Christopher G Bunick, MD, PhD
Department of Dermatology, Yale University
New Haven, CT
2023 AARS Research Scholar Award Recipient
Characterization of novel tetracycline-class compounds that target the Cutibacterium acnes ribosome
For decades, oral antibiotics have played a central role in the treatment of acne vulgaris (AV) because of their purported anti-bacterial and anti-inflammatory activities. However, problems related to antibiotic resistance3, broad-spectrum activity, and side effects of these antibiotics have led to increased scrutiny of their role in AV therapy. Emphasis on antibiotic stewardship in clinical medicine necessitates that specific knowledge gaps surrounding antibiotics in AV be addressed, including: (i) how do antibiotics function in their clinical target, skin-pathogenic bacteria?, (ii) what are the biochemical determinants of broad vs narrow spectrum selectivity?, (iii) what are the molecular mechanisms driving antibiotic resistance?, and (iv) how can we engineer effective but safer antibiotics?
The Bunick laboratory over the past 3 years has been at the forefront of answering these questions, specifically with respect to tetracycline class antibiotics. We focus on tetracyclines for a very practical reason: tetracyclines account for ~75% of all antibiotic prescriptions in dermatology, including for AV. The class of molecules has evolved from first- (tetracycline, TET) and second-generation (doxycycline, DOX; minocycline, MCN) broad-spectrum agents to a third-generation narrow-spectrum agent (sarecycline, SAR) approved for treatment of AV in 2018. We believe, therefore, that research into the fundamental mechanisms of action of tetracycline antibiotics is essential to advancing the treatment of AV into a more pathogen-focused, precision medicine era.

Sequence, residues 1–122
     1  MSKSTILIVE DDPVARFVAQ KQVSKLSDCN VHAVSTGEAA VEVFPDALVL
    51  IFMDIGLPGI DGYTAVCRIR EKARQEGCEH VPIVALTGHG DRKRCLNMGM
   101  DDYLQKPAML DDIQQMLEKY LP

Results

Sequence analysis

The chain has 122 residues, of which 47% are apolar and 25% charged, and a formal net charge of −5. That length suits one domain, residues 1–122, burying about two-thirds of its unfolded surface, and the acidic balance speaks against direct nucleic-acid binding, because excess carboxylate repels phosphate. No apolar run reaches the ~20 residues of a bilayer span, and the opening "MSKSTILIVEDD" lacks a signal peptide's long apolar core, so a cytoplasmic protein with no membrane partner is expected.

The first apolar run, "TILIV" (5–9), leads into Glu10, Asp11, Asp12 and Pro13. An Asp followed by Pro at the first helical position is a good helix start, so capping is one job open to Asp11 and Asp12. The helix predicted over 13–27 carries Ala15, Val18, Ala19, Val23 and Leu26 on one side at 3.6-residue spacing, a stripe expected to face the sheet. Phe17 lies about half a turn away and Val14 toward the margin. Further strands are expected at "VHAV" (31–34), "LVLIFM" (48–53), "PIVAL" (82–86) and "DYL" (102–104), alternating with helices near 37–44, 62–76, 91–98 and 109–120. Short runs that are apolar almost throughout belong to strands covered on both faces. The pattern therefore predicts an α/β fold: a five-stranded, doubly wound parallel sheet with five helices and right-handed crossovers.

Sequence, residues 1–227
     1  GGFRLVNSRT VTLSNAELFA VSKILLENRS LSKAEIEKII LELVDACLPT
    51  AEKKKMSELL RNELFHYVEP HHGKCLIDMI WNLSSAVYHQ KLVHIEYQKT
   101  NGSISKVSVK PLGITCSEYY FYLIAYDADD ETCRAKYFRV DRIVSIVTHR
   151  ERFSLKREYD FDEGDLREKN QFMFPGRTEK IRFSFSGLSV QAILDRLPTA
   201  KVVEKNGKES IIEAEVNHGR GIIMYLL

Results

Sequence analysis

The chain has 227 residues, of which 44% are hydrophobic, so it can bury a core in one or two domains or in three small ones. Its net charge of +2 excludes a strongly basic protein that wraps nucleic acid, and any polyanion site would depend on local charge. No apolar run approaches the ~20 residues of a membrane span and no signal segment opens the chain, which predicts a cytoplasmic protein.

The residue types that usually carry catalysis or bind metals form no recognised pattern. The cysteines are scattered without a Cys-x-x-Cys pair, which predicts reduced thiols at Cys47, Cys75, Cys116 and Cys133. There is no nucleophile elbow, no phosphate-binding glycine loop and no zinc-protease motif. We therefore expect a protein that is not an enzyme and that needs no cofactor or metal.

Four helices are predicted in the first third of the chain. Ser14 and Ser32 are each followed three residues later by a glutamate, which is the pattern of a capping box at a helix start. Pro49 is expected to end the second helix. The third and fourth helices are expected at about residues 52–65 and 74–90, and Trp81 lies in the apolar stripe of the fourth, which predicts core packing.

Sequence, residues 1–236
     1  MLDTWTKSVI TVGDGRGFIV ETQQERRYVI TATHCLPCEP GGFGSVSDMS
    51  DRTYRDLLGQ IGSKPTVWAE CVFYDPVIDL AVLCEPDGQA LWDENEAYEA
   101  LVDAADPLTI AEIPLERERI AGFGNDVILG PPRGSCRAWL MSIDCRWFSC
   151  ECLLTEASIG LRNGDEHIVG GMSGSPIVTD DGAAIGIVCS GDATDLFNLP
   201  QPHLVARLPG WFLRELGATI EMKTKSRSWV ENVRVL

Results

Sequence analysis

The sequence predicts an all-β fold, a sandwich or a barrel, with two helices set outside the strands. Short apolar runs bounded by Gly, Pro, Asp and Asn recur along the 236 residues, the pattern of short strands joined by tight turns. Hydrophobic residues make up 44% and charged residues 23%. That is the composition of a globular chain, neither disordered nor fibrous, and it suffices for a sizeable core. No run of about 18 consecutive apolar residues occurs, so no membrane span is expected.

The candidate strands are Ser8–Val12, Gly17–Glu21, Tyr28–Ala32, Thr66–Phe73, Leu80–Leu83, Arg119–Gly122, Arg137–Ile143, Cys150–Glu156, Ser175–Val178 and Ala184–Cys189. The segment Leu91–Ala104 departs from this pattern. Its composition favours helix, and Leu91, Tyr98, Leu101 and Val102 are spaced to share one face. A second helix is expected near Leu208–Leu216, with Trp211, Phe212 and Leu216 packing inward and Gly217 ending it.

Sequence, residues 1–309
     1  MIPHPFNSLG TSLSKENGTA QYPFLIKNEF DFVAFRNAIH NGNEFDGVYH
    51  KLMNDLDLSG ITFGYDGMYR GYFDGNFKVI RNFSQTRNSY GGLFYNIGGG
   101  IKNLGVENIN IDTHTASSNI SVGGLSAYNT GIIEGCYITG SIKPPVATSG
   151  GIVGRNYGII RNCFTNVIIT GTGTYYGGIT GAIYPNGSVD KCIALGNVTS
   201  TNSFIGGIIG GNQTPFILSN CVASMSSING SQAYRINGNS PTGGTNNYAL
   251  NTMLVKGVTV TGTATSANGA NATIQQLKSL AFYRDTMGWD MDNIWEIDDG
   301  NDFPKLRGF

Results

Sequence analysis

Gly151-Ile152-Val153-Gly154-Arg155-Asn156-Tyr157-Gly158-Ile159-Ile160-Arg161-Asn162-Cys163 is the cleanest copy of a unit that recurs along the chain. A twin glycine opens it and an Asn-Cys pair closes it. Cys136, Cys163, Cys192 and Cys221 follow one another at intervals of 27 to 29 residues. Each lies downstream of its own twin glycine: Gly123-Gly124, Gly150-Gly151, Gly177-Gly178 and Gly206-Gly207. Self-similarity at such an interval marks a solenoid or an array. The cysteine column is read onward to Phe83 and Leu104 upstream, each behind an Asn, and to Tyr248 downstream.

Our main hypothesis for this proposal is that a novel compound can be identified that is specifically and highly targeted to C. acnes with greater protein translation inhibition than currently existing tetracyclines.